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A while ago, during the first months (I think it was that long ago) the Soul of Rock 'n' Roll was live, I shared a clip of Bob Dylan doing a duet version of "Girl From the North Country" with Johnny Cash. That was a clip from the Johnny Cash TV Show and was actually one of the first times I heard about this aspect of Cash's career. Running from 1969 to 1971 and hosted by Johnny Cash himself, the show featured a variety of musical performances, small comedy sketches and more. I recently got to take a look at a DVD release of the Johnny Cash TV Show, called The Best of the Johnny Cash TV Show, and thought I'd share my thoughts on this eclectic, yet interesting collection.
There are 66 performances in total contained on these two DVDs including some great collaborations and plenty from the "Man in Black" as well. There's a few amusing comedy skits, equally amusing poetry from June Carter Cash, as well as some personal peeks at Johnny Cash the man. Organized loosely like a documentary hosted by Kris Kristofferson, there is also a few unique (and sometimes odd) tidbits about the show and some of what went on behind the scenes.
Although the musical guests do tend slightly towards folk, country and rockabilly, it isn't limited to those genres as there are great performances from a wide variety of musicians. Highlights include a great solo performance of "I Threw is All Away" by Bob Dylan, the soulful "Heaven Help Us All" by Stevie Wonder, James Taylor's "Sweet Baby James" (his major television debut I believe), the high energy "Whole Lotta Shakin' Goin' On" with Jerry Lee Lewis in top form, and of course the country twang blues of "It's Too Late" in a rare performance of the short lived Derek and the Dominos. There's also a great solo take of "The Needle and the Damage Done" by a very young looking Neil Young, "Bad Moon Rising" from Creedence Clearwater Revival, Ray Charles' soulful cover of "Ring of Fire" as well as a rockin' take of "Blue Suede Shoes" by the one and only Carl Perkins. And lets not forget the songs from country legends like Loretta Lynn and Bill Monroe and his Blue Grass Boys, a stirring tribute to Hank Williams, or great guitar work from Chet Atkins.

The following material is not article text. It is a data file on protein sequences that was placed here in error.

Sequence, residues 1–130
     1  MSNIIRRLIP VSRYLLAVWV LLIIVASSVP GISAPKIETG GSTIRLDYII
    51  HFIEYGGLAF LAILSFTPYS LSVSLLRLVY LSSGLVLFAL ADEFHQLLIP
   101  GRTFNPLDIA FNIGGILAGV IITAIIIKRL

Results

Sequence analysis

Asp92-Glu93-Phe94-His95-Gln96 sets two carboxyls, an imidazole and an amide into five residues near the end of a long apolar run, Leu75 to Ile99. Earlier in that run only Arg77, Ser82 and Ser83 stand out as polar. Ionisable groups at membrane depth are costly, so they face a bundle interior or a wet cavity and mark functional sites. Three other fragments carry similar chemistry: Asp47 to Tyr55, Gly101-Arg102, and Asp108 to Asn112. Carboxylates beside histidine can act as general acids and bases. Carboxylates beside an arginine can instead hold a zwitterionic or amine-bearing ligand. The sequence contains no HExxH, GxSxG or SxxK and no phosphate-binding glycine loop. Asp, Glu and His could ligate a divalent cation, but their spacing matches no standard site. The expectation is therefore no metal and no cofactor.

There's also all the Cash staples and tracks with the Carter Family, Statler Brothers and the Tennessee Three. "Ring of Fire", "I Walk the Line", "Boy Named Sue" and "Folsom Prison Blues" are all as authentic as ever and great to see, as is the first ever performance of "Man in Black", which received an almost immediate standing ovation. Cash also sings a killer cover of Kris Kristofferson's "Sunday Morning Coming Down" that Cash insisted on performing unedited and uncensored, going against the network's wishes.
The individual performances and the Johnny Cash tracks are all interesting, but where I think this set really excels is in the once in a lifetime collaborations between Cash and other artists. I was especially interested in the afore mentioned collaboration with Dylan, as well as seeing Cash and Carl Perkins jam with Clapton and the rest of Derek and the Dominos on "Matchbox", but there are plenty of other stand out moments as well. There's a gritty, bluesy take of "Polk Salad Annie" with Tony Joe White, a true slice of Americana in the form of "Cripple Creek" and "Worried Man Blues" with folk legend Pete Seeger, a unique collaboration with Louis Armstrong and a rough edged duet with Roy Orbison on "Pretty Woman". Perhaps my favorite song from the whole set though, is the spine tingling "Long Black Veil" with Joni Mitchel, who's vocals are a chilling match to Cash's baritone.